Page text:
Election results: Record number of female MPs win seats

Women MPs outnumber male counterparts in Labour for first time in party's history

Maya Oppenheim
Women's Correspondent
Friday 13 December 2019 15:02
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Some 220 women won seats in the 2019 general election which is a rise of 12 female MPs from two years ago
Some 220 women won seats in the 2019 general election which is a rise of 12 female MPs from two years ago

A record number of women MPs have been elected to the House of Commons following the general election – but the proportion of male MPs still radically outnumbers female counterparts.

Some 220 women won seats in the 2019 poll, 12 more than two years ago.

The ratio of female MPs in the House of Commons is still just 34 per cent and the different political parties vary massively in terms of gender breakdown.

Only one in four Conservative Party MPs are female but the party has 20 more MPs than it did at the last election.

The Labour Party now has 104 women MPs - marking the first time either the Tories or Labour has had more female than male representatives in parliament.

But several high-profile women MPs lost their seats as the Conservatives gained a landslide victory, most notably Jo Swinson, who has stepped down as Liberal Democrat leader after losing her seat to the SNP.

Frontline service providers raised concerns the rise in female MPs would not necessarily translate into concrete change for women’s rights or reverse cuts to women’s services.

Vivienne Hayes, chief executive of the Women’s Resource Centre, the leading national umbrella organisation for the women’s sector in the UK, said: “Congratulations to the individual women because we know it is not easy to step forward as a woman MP. Many women resigned prior to the election due to the horrendous level of sexism women across all parties face.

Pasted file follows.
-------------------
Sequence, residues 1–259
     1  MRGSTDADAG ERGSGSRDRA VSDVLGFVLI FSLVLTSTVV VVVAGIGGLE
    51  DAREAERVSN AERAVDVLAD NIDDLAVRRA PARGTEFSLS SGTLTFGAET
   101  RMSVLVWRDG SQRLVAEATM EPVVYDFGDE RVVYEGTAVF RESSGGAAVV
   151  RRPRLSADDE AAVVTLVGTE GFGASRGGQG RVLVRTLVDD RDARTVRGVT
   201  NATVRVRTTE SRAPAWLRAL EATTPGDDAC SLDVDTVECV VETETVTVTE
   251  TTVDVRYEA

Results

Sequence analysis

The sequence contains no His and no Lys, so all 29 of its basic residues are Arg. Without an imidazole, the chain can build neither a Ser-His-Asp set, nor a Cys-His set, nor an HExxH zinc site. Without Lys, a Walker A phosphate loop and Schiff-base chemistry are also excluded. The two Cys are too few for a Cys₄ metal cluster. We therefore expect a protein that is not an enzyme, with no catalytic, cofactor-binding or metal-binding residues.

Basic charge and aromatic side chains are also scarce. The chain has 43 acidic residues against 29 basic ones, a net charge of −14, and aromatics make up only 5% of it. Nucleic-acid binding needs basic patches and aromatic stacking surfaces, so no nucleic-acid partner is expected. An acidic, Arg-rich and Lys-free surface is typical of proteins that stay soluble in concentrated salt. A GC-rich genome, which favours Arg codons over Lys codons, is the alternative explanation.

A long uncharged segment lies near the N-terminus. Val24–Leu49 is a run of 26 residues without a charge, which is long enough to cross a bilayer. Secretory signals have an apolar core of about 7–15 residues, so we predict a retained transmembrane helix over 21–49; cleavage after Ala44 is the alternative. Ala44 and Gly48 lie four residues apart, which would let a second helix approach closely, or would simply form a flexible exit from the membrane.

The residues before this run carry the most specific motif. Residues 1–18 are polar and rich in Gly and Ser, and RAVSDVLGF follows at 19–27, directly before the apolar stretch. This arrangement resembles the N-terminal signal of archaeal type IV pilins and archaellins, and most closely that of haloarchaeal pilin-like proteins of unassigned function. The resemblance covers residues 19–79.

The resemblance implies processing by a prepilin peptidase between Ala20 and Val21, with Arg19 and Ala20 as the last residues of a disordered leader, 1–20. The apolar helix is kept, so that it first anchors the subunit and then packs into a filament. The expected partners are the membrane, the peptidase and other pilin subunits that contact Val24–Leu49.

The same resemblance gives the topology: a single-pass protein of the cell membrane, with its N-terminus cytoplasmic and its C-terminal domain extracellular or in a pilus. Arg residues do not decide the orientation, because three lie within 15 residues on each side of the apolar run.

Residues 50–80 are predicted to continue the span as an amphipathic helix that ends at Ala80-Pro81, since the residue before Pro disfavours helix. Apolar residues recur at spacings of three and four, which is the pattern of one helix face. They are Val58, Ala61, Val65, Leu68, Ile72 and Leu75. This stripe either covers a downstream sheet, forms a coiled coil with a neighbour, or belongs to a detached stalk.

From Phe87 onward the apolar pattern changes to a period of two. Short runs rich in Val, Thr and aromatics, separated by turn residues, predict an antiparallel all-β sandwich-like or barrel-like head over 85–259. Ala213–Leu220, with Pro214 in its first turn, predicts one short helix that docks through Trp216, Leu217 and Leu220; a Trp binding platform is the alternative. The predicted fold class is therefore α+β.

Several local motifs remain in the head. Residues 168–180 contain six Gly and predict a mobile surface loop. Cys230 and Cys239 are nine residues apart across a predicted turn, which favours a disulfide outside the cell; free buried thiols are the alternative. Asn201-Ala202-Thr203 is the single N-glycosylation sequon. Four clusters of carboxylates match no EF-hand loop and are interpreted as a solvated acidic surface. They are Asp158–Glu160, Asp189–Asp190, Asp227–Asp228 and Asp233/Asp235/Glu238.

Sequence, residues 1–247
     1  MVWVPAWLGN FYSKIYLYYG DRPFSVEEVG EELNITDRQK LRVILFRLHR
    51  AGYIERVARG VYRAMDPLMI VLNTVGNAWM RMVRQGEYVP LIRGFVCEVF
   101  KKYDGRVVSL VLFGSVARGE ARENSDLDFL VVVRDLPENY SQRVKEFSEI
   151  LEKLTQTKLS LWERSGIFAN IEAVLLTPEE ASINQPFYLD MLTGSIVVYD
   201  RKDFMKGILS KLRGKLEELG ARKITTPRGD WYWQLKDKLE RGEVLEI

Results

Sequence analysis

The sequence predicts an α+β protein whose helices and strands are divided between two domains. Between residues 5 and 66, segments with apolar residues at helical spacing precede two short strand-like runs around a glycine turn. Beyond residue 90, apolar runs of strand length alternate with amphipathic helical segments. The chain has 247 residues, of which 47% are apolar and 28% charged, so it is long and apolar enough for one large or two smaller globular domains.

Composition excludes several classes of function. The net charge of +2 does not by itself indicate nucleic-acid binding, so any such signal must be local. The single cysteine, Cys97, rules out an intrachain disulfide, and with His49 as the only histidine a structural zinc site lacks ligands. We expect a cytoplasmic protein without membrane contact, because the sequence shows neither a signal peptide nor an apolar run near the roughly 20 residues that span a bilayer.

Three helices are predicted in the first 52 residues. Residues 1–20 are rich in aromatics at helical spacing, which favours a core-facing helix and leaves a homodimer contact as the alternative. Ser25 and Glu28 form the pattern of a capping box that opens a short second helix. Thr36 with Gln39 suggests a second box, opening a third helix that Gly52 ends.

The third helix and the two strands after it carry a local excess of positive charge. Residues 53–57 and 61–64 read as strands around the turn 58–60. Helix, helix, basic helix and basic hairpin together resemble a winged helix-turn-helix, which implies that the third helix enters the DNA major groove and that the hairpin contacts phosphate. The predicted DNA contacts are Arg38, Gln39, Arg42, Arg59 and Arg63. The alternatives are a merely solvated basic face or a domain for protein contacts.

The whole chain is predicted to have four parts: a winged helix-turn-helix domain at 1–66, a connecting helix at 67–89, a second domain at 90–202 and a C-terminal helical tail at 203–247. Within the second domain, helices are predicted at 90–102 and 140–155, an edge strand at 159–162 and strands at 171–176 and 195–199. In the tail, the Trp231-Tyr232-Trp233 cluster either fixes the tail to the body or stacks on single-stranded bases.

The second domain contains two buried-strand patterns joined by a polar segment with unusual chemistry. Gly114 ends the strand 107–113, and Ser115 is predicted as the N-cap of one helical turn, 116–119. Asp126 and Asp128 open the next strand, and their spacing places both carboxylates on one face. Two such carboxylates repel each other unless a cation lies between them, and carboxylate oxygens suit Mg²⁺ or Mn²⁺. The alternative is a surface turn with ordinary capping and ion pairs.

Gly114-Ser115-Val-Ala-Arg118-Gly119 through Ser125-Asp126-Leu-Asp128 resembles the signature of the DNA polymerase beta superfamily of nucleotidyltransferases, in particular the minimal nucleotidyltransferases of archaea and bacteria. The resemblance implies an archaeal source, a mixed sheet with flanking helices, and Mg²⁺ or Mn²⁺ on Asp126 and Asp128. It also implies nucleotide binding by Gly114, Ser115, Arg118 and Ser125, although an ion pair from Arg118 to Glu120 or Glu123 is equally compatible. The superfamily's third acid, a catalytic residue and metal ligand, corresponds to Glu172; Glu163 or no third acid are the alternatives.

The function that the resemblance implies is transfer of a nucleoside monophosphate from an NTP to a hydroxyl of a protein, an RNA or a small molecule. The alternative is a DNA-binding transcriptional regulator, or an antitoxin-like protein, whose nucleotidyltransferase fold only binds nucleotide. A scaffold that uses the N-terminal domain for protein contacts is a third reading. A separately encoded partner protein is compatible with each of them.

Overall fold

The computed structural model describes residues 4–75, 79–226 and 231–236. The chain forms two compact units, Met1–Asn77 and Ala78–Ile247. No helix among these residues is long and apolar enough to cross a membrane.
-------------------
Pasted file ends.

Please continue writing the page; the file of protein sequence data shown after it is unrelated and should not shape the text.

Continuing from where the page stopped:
“We have to honour them for having the courage to stand, however that does not mean just any women will prioritise women’s rights. We need women in positions of power which have a clear analysis of structural inequality, which includes racism, for us to actually see them prioritise this.

“I would like to see women MPs putting their political tribalism behind them and working to together to address the calamitous levels of sexism and racism women are facing. Women’s services are already on a knife-edge. They have had their funding decimated and there is no indication it is going to be reversed. We call upon Boris Johnson to support the life-saving women’s organisations in this country.”

Ms Hayes, who has worked in the women’s sector for over 30 years, said there had been a “horrendous spike” in racism in the country which black and minority ethnic women are disproportionately bearing the brunt of.

Some 86 per cent of the burden of austerity since 2010 has fallen on women, research carried out by the House of Commons Library concluded in 2017.

Frances Scott, director and founder of 50:50 Parliament, a cross-party campaign to reach gender equality in Westminster, said: "It has gone up by a paltry 12 women. At this rate, it is going to take half a century to get gender balance. It is too slow. We have a democratic deficit. We should have equal seats and equal say."

Women MPs stood down before the general election due to being subjected to “horrific abuse” and parliament becoming increasingly “bullish” and “intimidating” for women, campaigners previously warned.

According to the House of Commons Library, more than half of Labour Party candidates were female and 31 per cent of Conservative Party candidates were women.

Sophie Walker, chief executive of Young Women’s Trust, said: “If the government is to deliver on its election promise to unleash the potential of the whole country – including the millions of young women who have been discriminated against by austerity policies that took money out of budgets for welfare and support services – then it’s time to do policy differently.”

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